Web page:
Announcing Stack Overflow Documentation

We started with Q&A. Technical documentation is next, and we need your help.

Whether you're a beginner or an experienced developer, you can contribute.

Sign up and start helping → Learn more about Documentation →

is it possible running one function after another function with 100ms delay in separate thread. i want to make a function to changing one cell in excel and run another function by 100ms delay by a separate thread in visual basic 6 tnx

share|improve this question
VB6 does not support threading. Creating a 100 msec Timer is certainly not a problem. – Hans Passant Nov 15 '12 at 22:14
it seem that vb does not support the threading but the timer is not matter cause the time is important in thread – sadati Nov 15 '12 at 22:33
Einstein would not quite agree, time and matter matters. What on Earth are you trying to say? – Hans Passant Nov 15 '12 at 22:36
Is there any VB6 question here or is this just another overtagged VBA question trying to command attention? It matters because the range of possible solutions varies quite a bit. – Bob77 Nov 16 '12 at 3:46
Basically I need something like that,setTimeout() Method – sadati Nov 16 '12 at 12:00
up vote 1 down vote accepted

You can use API

In your delcarations section add this:

Private Declare Sub Sleep Lib "kernel32.dll" (ByVal dwMilliseconds As Long)

To use it:

Sleep 100 ' to sleep for 0.1 second

share|improve this answer
it's useful tnx anyway – sadati Nov 16 '12 at 12:01

It's possible by creating an ActiveX exe. See wqw's answer here, To use thread in programming in vb6. The 100ms second delay will be ~100ms delay. Depending on how accurate you want youe delay to be you can use the native VB timer accurate to somewhere arounf 10ms, or for higher resolution you can use a multi-media timer (makes it difficult to debug), or get a control that implements a high resolution timer.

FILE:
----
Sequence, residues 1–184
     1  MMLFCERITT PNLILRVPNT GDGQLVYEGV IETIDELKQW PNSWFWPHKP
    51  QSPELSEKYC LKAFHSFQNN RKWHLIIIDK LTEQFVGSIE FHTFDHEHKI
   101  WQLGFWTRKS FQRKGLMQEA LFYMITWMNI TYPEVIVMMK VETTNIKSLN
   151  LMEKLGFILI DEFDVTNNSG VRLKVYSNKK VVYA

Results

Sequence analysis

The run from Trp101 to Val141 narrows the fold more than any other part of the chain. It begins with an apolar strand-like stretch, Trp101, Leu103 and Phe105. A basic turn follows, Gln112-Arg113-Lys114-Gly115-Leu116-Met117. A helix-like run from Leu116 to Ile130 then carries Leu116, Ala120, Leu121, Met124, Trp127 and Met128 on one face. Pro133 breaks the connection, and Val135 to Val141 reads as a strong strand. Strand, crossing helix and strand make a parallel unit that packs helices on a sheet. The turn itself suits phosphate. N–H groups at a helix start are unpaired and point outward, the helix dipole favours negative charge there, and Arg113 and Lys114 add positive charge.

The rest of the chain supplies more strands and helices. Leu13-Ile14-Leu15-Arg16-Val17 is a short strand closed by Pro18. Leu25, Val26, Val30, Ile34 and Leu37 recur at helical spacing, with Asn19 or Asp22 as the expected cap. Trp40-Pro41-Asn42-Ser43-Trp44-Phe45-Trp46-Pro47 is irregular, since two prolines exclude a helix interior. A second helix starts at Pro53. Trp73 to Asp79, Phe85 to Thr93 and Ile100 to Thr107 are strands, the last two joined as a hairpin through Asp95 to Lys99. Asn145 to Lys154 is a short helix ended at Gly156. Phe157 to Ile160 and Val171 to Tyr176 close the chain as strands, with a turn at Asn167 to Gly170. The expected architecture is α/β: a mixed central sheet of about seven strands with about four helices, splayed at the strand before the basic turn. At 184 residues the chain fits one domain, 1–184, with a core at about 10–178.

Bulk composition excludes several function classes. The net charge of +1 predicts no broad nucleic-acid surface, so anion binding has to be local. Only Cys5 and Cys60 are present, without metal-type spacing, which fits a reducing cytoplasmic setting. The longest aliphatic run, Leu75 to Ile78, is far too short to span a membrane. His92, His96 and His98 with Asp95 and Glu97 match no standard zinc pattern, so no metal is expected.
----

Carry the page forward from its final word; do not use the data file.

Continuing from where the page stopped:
share|improve this answer
Wow, I saw it @Beaner – sadati Nov 15 '12 at 22:37

It is possible to do multi threading in VB6, using ActiveX exes. These are "Out of process" so can be loaded and made to return immediately. Its many years since I did this, but I think I may have used a timer to allow me to load the class and return immediately, then have the class carry on working in its process.

This sort of a approach is horrible though - managing it in any sort of sensible way is a nightmare.

A much better option for you would be to write what you want in VB.Net (you should be fine to do it in an Express version I think), and set the assembly up to build to be COM compatible. Then you can reference this functionality in your VBA or whatever.

share|improve this answer
it's good thx anyway – sadati Nov 16 '12 at 9:32

ActiveX DLL instances also run on their own thread, but all in one process. So, you don't need the additional overhead of interprocess communication. Of course, Excel would run in a separate process anyway.

share|improve this answer

Your Answer


By posting your answer, you agree to the privacy policy and terms of service.

Not the answer you're looking for? Browse other questions tagged or ask your own question.